1. (00:04:32) Buddy Guy - Damn Right I've Got The Blues
2. (00:08:27) Buddy Guy - Five Long Years
3. (00:04:46) Buddy Guy - Mustang Sally
4. (00:06:59) Buddy Guy - Rememberin' Stevie
5. (00:05:03) Buddy Guy - She's A Superstar
6. (00:04:38) Buddy Guy - Feels Like Rain
7. (00:05:44) Buddy Guy - She's Nineteen Years Old
8. (00:03:18) Buddy Guy - I Smell Trouble
9. (00:04:24) Buddy Guy - Someone Else Is Steppin' In (Slippin' Out, Slippin In)
10. (00:07:44) Buddy Guy - My Time After Awhile (live)
11. (00:05:23) Buddy Guy - Midnight Train
12. (00:06:33) Buddy Guy - Miss Ida B
13. (00:02:57) Buddy Guy - I Need Your Love So Bad
14. (00:05:44) Buddy Guy - Innocent man
Playing Time.........: 02:08:58
Total Size...........: 474.19 MB
NFO generated on.....: 20/07/2009 20:40:54
:: Generated by Music NFO Builder v1.20 - www.nfobuilder.com ::
Biography by Bill Dahl
He's Chicago's blues king today, ruling his domain just as his idol and mentor Muddy Waters did before him. Yet there was a time, and not all that long ago either, when Buddy Guy couldn't even negotiate a decent record deal. Times sure have changed for the better -- Guy's first three albums for Silvertone in the '90s all earned Grammys. Eric Clapton unabashedly calls Buddy Guy his favorite blues axeman, and so do a great many adoring fans worldwide.
High-energy guitar histrionics and boundless on-stage energy have always been Guy trademarks, along with a tortured vocal style that's nearly as distinctive as his incendiary rapid-fire fretwork. He's come a long way from his beginnings on the 1950s Baton Rouge blues scene -- at his first gigs with bandleader "Big Poppa" John Tilley, the young guitarist had to chug a stomach-jolting concoction of Dr. Tichenor's antiseptic and wine to ward off an advanced case of stage fright. But by the time he joined harpist Raful Neal's band, Guy had conquered his nervousness.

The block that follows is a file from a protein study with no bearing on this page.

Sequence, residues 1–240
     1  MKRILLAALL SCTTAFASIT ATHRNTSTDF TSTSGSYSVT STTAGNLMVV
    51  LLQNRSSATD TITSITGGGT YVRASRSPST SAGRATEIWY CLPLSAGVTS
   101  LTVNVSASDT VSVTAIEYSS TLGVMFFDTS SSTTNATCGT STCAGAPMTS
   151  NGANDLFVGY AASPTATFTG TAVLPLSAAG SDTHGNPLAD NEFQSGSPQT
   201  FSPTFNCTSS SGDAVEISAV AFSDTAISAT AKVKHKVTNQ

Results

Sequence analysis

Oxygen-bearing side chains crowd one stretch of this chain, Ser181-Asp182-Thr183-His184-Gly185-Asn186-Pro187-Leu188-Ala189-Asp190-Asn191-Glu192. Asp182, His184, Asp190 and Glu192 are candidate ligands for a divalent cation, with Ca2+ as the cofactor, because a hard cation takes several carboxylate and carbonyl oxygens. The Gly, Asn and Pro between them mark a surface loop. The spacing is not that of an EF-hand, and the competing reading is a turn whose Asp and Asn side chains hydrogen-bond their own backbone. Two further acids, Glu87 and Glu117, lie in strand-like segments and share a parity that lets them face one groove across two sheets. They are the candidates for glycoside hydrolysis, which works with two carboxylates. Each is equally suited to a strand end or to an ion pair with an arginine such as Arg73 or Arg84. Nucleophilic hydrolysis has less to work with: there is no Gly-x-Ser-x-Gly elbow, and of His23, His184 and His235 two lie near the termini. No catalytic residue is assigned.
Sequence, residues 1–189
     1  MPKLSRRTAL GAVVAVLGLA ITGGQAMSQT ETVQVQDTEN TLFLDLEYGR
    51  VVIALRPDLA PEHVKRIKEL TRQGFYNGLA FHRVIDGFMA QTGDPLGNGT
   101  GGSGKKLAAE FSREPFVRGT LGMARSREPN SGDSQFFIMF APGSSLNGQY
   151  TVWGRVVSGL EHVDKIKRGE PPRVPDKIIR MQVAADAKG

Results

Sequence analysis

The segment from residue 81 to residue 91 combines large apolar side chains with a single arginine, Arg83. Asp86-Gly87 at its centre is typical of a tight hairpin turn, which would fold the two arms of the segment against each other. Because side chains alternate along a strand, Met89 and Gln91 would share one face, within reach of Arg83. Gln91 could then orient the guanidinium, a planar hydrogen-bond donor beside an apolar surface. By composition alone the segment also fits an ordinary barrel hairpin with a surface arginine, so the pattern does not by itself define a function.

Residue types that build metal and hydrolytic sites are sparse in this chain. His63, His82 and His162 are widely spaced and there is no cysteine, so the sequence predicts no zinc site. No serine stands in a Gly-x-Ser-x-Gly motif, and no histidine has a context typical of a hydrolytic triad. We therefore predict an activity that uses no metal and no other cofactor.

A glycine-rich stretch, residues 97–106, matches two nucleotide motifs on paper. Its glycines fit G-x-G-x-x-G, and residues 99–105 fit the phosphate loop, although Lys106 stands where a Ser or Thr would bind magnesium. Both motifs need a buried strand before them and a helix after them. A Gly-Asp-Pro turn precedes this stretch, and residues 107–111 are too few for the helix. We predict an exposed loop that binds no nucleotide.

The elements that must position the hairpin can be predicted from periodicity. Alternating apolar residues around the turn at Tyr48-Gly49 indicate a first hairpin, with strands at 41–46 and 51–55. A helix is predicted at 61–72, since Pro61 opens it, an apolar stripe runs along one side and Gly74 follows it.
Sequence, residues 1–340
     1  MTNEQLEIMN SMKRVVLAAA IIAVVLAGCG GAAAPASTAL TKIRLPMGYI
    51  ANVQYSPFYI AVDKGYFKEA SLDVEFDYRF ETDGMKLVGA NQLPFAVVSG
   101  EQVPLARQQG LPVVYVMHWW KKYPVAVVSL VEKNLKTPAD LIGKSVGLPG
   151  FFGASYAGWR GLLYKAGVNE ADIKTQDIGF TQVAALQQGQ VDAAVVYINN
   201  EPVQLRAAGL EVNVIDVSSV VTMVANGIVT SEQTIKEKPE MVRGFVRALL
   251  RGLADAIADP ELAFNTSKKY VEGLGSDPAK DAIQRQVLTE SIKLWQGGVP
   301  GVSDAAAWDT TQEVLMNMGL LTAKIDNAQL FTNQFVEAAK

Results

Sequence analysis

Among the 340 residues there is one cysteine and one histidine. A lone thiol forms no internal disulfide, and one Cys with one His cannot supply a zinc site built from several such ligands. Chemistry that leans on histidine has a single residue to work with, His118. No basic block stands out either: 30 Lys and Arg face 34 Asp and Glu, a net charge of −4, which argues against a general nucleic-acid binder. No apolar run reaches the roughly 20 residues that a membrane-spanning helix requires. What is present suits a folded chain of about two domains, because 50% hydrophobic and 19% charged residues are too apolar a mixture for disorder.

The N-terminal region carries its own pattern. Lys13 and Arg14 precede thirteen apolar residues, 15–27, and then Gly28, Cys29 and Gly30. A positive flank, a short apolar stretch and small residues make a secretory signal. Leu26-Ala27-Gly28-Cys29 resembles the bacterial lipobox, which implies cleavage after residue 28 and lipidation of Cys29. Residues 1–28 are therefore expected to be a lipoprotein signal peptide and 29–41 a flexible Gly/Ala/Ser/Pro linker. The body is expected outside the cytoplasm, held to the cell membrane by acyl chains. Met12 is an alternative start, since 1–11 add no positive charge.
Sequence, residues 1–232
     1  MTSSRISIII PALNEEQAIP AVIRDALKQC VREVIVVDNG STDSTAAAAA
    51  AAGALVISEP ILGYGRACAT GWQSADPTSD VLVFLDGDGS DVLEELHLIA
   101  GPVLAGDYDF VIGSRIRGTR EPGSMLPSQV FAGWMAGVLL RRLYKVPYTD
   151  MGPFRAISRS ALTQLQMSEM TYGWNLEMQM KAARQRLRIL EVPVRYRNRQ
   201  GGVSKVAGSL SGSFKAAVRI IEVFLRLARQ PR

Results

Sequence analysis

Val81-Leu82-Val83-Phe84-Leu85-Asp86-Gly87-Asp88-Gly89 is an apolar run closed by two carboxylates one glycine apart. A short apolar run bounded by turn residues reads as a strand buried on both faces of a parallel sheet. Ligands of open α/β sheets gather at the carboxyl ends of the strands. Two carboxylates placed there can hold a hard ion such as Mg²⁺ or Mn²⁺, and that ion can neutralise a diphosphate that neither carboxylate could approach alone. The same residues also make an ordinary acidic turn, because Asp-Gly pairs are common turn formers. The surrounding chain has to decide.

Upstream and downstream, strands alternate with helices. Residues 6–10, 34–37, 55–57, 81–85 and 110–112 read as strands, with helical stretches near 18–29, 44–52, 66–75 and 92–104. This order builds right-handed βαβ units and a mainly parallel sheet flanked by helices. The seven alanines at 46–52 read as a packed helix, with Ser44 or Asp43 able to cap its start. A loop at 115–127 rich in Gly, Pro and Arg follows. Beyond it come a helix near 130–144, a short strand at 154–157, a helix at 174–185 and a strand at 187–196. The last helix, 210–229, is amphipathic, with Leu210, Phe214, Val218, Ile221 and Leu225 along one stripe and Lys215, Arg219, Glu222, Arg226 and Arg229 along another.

Guy journeyed to Chicago in 1957, ready to take the town by storm. But times were tough initially, until he turned up the juice as a showman (much as another of his early idols, Guitar Slim, had back home). It didn't take long after that for the new kid in town to establish himself. He hung with the city's blues elite: Freddy King, Muddy Waters, Otis Rush, and Magic Sam, who introduced Buddy Guy to Cobra Records boss Eli Toscano. Two searing 1958 singles for Cobra's Artistic subsidiary were the result: "This Is the End" and "Try to Quit You Baby" exhibited more than a trace of B.B. King influence, while "You Sure Can't Do" was an unabashed homage to Guitar Slim. Willie Dixon produced the sides.
When Cobra folded, Guy wisely followed Rush over to Chess. With the issue of his first Chess single in 1960, Guy was no longer aurally indebted to anybody. "First Time I Met the Blues" and its follow-up, "Broken Hearted Blues," were fiery, tortured slow blues brilliantly showcasing Guy's whammy-bar-enriched guitar and shrieking, hellhound-on-his-trail vocals.
Although he's often complained that Leonard Chess wouldn't allow him to turn up his guitar loud enough, the claim doesn't wash: Guy's 1960-1967 Chess catalog remains his most satisfying body of work. A shuffling "Let Me Love You Baby," the impassioned downbeat items "Ten Years Ago," "Stone Crazy," "My Time After Awhile," and "Leave My Girl Alone," and a bouncy "No Lie" rate with the hottest blues waxings of the '60s. While at Chess, Guy worked long and hard as a session guitarist, getting his licks in on sides by Waters, Howlin' Wolf, Little Walter, Sonny Boy Williamson, and Koko Taylor (on her hit "Wang Dang Doodle").